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Old 10-26-2010, 01:26 AM
 
Location: rain city
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Here in Seattle we had 'El Nino' conditions last year. It started raining in October and rained until the middle of June.

Now we're supposedly having a 'La Nina' and guess what? It's raining. Everybody is saying how La Nina years are extra rainy, but it's looking like a re-run of last year.....when it rained for 8 months straight.....and wasn't a La Nina.

So what's up with these two weather labels?

I realize they're connected to ocean temperatures, but either whichaway in Seattle they both spell r.a.i.n.

I'm not seeing any difference between the two weather patterns. Wet or wet.
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Old 10-26-2010, 01:35 AM
 
Location: Seattle, Washington
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It is my understanding that el nino brings warmer than average temperatures and la nina brings cooler than average temperatures. It is a la nina year. You got your house ready for this winter? Big snow predicted for us seattleites this year. Some saying more than winter 2008, which was also a la nina year.
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Old 10-26-2010, 02:05 AM
 
Location: rain city
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So I'm supposed to distinguish between a cold crappy rain and a less cold crappy rain?

There's a difference?
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Old 10-26-2010, 02:16 AM
 
Location: Wellington and North of South
5,127 posts, read 7,326,897 times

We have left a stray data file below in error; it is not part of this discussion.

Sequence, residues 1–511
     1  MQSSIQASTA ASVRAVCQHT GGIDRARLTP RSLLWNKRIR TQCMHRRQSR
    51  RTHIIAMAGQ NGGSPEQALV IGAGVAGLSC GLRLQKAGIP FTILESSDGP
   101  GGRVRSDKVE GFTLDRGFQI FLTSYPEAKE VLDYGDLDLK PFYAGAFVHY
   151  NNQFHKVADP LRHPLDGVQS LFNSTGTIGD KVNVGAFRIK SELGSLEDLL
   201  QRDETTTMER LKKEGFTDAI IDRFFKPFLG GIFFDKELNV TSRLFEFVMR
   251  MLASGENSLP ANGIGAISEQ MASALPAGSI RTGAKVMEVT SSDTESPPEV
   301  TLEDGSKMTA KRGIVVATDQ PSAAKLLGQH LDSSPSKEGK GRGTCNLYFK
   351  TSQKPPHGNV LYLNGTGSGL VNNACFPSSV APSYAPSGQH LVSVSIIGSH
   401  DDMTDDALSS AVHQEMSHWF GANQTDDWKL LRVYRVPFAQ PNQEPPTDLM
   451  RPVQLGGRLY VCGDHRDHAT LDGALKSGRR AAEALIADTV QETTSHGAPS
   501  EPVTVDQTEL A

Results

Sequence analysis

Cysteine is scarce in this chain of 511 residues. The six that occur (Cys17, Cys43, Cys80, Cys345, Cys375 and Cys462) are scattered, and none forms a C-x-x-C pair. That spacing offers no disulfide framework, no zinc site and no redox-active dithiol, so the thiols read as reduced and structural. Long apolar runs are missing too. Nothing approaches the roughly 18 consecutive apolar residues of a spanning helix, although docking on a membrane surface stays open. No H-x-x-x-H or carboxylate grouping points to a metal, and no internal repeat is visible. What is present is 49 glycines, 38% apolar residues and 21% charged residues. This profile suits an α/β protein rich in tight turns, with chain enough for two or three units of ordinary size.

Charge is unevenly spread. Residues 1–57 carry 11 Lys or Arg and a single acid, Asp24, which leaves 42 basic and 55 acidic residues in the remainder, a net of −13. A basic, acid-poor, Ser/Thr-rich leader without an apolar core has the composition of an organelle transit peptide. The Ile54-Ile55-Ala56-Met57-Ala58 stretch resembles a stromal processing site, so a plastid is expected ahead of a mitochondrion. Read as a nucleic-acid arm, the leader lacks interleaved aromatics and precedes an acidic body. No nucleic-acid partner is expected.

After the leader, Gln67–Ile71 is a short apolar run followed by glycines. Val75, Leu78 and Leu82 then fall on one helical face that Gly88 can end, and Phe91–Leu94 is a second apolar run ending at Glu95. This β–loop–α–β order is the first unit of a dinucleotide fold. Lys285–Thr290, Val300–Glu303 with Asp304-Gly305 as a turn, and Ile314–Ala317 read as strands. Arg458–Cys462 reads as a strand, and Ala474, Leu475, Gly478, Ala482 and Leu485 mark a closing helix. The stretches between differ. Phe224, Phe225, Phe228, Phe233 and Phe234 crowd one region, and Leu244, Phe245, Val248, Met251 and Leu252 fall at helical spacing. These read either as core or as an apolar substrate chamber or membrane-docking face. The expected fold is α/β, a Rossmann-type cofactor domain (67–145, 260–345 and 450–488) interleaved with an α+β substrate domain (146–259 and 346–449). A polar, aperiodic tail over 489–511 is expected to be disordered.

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Quote:
Originally Posted by azoria View Post
So I'm supposed to distinguish between a cold crappy rain and a less cold crappy rain?

There's a difference?
Frequency of rain: Numbers I got for 1971-2000 averages:

0.01" (abt 0.2mm) or more: 150 days per annum

0.10" (abt. 2.5mm) or more: 92 days per annum.

These are no doubt higher than for most of the US cities, but by world standards do not impress by comparison with genuinely wet places. The above suggest that the 1.0mm threshhold count might be about 125 days.

In my country the 1.0mm counts range from about 65 to 175, with about 125 being the average for populated areas.
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Old 10-26-2010, 03:00 AM
 
Location: Seattle, Washington
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Well with colder than average temps, la nina significantly ups the chances for big snow and ice storms whereas el nino would significanlty lessen the chances for either. I believe el nino also bring drier conditions and la nina wetter (or is it the other way around?), though where we live I guess it would be hard to tell the two apart based on that seeing as it rains most of the time outside of the summer months anyway.
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Old 10-26-2010, 10:10 AM
nei nei won $500 in our forum's Most Engaging Poster Contest - Thirteenth Edition (Jan-Feb 2015). 

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Location: Western Massachusetts
46,078 posts, read 45,847,448 times
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Quote:
Originally Posted by RWood View Post
Frequency of rain: Numbers I got for 1971-2000 averages:

0.01" (abt 0.2mm) or more: 150 days per annum

0.10" (abt. 2.5mm) or more: 92 days per annum.